Video game

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Video games are electronic games commonly played by a wide portion of the population.[1] A large number of young adults, having grown up in the era of video games, also play. Some video games such as sports games and educational games are harmless fun and can actually be beneficial to a child's development, especially if they allow more than one player. Some games though are violent and sexually explicit and have attracted the attention of family groups and conservative Christians. Games such as Grand Theft Auto are very violent, sexually explicit, feature criminal behavior and some even encourage it. Laws have been passed to limit young people's access to these violent games but these laws are either rarely enforced or overturned by judges due to the First Amendment.[2] Some people argue that violent video games cause violent behaviour in some children, especially those under 16 whose mind is still not fully developed, but such a link has yet to be conclusively proven. Serious crimes, including murder, have been associated with video games. For example, a 14-year-old brutally murdered a video arcade employee one morning and his cousin stands trial for murdering the store manager when he entered the store shortly thereafter.[3] In the USA, the majority of games carry ratings from the ESRB, a video game ratings organization.

Various genres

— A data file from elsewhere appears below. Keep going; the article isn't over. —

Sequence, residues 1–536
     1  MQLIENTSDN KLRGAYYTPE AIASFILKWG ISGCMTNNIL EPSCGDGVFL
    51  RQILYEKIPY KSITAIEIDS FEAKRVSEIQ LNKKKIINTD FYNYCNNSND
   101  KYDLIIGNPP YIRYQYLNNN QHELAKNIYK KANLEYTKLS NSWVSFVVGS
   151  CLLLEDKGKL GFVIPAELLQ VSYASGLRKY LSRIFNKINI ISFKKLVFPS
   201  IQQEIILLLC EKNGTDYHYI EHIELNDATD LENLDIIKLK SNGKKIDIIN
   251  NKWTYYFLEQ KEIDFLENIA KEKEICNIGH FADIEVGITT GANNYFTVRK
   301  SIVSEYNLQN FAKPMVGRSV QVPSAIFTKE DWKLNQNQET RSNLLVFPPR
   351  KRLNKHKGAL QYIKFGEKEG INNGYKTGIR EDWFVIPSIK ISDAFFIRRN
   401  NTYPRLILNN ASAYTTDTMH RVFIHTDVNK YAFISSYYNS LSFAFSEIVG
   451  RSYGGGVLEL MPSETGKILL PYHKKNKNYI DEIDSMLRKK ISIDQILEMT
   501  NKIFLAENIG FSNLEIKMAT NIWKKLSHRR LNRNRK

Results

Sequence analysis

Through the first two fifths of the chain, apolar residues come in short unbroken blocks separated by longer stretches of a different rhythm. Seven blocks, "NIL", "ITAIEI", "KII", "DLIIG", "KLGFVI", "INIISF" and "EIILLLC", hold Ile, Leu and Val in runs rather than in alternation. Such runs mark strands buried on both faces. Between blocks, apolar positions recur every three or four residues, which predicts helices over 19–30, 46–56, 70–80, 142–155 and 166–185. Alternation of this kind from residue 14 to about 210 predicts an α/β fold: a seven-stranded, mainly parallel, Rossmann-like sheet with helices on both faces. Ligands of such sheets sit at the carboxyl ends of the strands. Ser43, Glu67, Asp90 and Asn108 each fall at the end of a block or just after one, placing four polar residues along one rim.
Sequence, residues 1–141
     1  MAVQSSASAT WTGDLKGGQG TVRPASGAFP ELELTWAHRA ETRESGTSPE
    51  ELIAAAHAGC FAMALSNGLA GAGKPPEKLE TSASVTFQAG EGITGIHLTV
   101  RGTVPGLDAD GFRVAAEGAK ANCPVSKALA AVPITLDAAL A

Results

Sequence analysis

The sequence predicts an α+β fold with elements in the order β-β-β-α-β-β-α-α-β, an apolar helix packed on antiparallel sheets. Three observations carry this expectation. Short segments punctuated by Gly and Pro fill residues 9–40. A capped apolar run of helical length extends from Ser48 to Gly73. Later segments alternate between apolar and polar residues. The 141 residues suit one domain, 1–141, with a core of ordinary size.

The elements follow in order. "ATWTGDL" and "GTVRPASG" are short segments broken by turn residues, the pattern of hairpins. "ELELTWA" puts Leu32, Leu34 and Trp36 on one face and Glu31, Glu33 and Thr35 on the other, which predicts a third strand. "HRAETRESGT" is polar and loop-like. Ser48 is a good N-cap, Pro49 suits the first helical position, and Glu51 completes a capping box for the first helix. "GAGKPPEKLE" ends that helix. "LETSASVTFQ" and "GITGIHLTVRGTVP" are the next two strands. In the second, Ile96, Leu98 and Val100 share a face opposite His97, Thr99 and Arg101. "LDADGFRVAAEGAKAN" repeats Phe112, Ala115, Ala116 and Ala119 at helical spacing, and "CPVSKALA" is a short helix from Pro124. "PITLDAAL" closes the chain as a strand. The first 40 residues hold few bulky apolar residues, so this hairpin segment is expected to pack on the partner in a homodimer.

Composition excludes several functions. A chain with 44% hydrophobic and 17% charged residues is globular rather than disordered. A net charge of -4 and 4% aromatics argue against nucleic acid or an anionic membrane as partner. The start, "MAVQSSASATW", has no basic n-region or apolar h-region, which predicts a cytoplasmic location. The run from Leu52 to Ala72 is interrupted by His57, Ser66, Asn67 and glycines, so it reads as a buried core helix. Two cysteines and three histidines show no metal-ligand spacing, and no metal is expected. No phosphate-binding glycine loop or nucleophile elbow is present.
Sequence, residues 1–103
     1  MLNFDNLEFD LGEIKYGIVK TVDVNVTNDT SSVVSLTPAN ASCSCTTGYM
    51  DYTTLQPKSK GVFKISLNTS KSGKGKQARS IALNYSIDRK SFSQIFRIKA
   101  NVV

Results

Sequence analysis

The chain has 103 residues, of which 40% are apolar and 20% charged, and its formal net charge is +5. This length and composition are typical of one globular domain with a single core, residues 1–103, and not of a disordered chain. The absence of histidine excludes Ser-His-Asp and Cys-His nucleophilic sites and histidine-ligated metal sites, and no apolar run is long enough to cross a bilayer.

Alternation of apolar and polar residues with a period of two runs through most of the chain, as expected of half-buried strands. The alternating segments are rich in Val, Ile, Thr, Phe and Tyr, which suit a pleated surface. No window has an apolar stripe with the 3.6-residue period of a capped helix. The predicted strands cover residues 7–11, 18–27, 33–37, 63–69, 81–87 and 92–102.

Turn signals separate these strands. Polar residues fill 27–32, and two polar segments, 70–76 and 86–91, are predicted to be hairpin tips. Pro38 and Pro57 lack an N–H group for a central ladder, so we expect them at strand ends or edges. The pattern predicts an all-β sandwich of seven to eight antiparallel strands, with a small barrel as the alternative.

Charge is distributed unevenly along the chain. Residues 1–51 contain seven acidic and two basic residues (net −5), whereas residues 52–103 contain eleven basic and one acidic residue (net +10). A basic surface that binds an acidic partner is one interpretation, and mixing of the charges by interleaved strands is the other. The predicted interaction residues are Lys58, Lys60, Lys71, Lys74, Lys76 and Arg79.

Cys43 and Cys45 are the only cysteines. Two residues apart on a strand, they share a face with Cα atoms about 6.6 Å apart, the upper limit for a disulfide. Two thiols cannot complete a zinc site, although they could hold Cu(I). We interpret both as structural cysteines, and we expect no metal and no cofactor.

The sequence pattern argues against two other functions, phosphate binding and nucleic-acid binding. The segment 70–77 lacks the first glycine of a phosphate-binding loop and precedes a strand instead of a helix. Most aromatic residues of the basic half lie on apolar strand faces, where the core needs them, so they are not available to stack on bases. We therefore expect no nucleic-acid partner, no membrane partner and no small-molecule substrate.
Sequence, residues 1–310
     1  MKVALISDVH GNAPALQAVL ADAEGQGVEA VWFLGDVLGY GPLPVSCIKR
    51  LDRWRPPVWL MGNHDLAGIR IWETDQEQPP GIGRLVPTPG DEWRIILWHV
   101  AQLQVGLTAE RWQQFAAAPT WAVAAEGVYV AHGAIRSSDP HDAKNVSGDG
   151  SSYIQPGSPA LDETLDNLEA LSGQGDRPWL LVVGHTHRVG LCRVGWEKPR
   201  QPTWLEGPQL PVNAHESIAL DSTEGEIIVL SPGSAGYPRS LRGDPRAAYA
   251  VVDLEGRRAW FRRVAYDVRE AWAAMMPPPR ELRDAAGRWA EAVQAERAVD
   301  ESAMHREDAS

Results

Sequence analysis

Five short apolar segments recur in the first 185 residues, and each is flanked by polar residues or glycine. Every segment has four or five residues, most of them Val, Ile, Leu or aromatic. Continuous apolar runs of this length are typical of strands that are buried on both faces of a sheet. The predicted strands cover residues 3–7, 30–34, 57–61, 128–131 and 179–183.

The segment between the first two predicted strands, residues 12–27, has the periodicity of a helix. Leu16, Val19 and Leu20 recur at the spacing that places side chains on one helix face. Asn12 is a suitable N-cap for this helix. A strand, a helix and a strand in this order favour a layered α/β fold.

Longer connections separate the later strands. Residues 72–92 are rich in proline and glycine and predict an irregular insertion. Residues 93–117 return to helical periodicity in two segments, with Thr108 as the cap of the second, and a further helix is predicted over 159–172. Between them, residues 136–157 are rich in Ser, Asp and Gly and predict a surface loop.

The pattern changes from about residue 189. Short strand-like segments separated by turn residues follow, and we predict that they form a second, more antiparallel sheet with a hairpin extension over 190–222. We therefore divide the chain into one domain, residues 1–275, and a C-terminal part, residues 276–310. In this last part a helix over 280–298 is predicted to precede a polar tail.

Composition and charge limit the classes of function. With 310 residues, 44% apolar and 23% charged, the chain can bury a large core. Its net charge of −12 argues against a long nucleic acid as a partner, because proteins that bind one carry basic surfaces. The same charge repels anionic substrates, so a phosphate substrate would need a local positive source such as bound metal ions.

Video games in the course of their existence have grown from the simple arcade style games, and have become more detailed and separated from one another. Genres can now include first person shooters, racing, simulation, role-playing, sports, action and many others. Even then, games can combine genres, such as "Mass Effect" (Role Playing and Third Person Shooting), or not fit nicely into any genre, like "Katamari Damacy".

Popularity & Controversy

Games have risen in popularity over the years, as is shown in the rise of video games sales from the 1980s until today. This has brought with it a various amount of controversy as the video game industry continues to grow with its original player base.


Most of the controversy comes from the rising trend toward violence in video games, as pioneered by Doom, Quake, and the Grand Theft Auto series. One man in particular, Jack Thompson, has imposed a one-man crusade against video games, which has made him a target of both the online gamer community and of the mainstream media.